Ralph Feinnes (Onegin, The Avengers) does triple duty in Sunshine, the new movie by Hungarian Istvan Stabo (Sweet Emma, Dear Babe, Meeting Venus). Stabo, a Hungarian native, chronicles the rise and fall of various regimes in Hungary and their effect on one family. It may be difficult to distinguish each character Feinnes plays, but remember, as time passes, each one has less facial hair. Each generation must deal with anti-Semitism as well as being true to their heritage and to themselves.

The Sonnenscheins come to prominence in the late 1800s with their herbal tonic, A Taste of Sunshine (sunshine is the translation of Sonnenschein). The secret recipe lies in a black notebook, kept from Ignatz (Feinnes with moustache and beard) until he is ready to inherit it. Unfortunately, Ignatz, his brother Gustave (James Frain, Where the Heart Is, Reindeer Games) and his cousin Valerie (Jennifer Ehle, This Year's Love, Wilde) have no interest in brewing. Valerie becomes a photographer, Ignatz a distinguished judge and supporter of the Emperor, and Gustave an ardent supporter of communism. Ignatz realizes that his Jewish name is holding him back from advancing, so he changes his name to Sors. He also decides to marry Valerie, over the objections of his parents. Ignatz is the most driven of the Sors'. He has strong beliefs in right and wrong, and his fervent support of the Emperor, which aided his meteoric rise, also plays a part in his downfall.

Ignatz's son Adam (Feinnes again, now with moustache only) rises to prominence as a fencer. Again, anti-Semitism prevents him from playing on the Olympic team, so he officially converts to Catholicism. Adam and his brother Istvan (Mark Strong, Fever Pitch) feel little connection to their Jewish heritage. Their mother Valerie (played now by Rosemary Harris, Hamlet, My Life So Far, and also Ehle's mother) agrees, and the sons convert. Adam marries Hannah (Molly Parker, Waking the Dead, The Five Senses) but slowly begins to fall for his sister-in-law Greta (a luminous Rachel Weisz, The Mummy, Land Girls). Adam's story is the most compelling in Stabo's and Israel Horowitz, Fighting Over Beverly). Anti-Semitism bites hard, although he is Jewish in name only. All he wants to do is fence. Adam is a proud man, and cares not for the views of the government, which leads to undoing.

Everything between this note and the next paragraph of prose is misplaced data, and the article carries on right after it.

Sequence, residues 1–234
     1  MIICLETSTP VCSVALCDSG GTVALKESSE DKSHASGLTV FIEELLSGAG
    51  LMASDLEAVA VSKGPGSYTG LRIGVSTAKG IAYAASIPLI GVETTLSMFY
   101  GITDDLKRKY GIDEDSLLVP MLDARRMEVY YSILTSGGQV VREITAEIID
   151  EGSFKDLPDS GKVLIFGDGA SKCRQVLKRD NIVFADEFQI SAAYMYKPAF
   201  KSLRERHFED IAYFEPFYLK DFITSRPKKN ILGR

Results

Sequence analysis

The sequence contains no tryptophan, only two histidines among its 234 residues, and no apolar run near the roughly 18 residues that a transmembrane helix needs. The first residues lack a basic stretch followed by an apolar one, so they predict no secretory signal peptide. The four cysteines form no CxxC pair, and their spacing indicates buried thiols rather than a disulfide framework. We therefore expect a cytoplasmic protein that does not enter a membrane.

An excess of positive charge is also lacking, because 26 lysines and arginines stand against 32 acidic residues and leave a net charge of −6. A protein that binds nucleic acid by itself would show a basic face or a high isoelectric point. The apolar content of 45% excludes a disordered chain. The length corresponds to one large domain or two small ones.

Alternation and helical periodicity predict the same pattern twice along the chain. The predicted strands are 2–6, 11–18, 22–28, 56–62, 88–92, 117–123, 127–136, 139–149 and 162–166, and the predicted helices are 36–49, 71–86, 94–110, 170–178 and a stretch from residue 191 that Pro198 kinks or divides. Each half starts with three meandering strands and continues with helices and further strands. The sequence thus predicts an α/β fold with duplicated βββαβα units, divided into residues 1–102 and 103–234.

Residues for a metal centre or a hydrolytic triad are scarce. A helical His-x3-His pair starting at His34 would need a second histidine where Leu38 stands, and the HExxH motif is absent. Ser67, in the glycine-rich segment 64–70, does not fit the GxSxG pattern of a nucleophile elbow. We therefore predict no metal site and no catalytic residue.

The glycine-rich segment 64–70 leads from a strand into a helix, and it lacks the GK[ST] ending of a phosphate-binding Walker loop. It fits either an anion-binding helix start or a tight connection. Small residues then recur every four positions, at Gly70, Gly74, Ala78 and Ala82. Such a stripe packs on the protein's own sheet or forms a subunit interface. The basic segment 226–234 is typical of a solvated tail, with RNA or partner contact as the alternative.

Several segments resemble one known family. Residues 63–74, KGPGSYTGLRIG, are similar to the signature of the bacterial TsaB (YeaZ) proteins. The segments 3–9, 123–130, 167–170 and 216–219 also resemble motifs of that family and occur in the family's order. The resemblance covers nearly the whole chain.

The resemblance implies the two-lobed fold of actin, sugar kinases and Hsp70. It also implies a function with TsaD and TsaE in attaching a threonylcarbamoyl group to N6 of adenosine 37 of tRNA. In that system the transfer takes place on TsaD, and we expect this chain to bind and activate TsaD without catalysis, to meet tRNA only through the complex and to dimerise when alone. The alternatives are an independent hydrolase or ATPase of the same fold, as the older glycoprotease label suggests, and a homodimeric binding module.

The final Sors is Ivan (it's that rascally Feinnes again, this time no facial hair). Ivan emerges scarred from World War II, and works with the Communist government in seeking out enemies. Ivan throws himself into his work with a fervid determination, outing Jews under the command of his boss Knorr (William Hurt, Dark City, The Proposition). Valerie (Harris) is still alive, and is the only person who guiding Ivan on his journey of self-discovery. This time, she is the one who helps Ivan along until the predictable but moving ending. Each of the Sors realizes that governments change, and Stabo uses the members of the Sors family to mimic the changes in Hungary. Members turn against each other, all in the because of their beliefs. All of Feinne's characters make similar mistakes, and Ignatz, Adam, and Ivan must all learn from them. Each generation could make a good movie, but together, Stabo weaves them together to make a movie that leaves a lasting impression.

Mongoose Rates It: Pretty Good.
3 hours, Rated R for strong sexuality, violence, language, and nudity.

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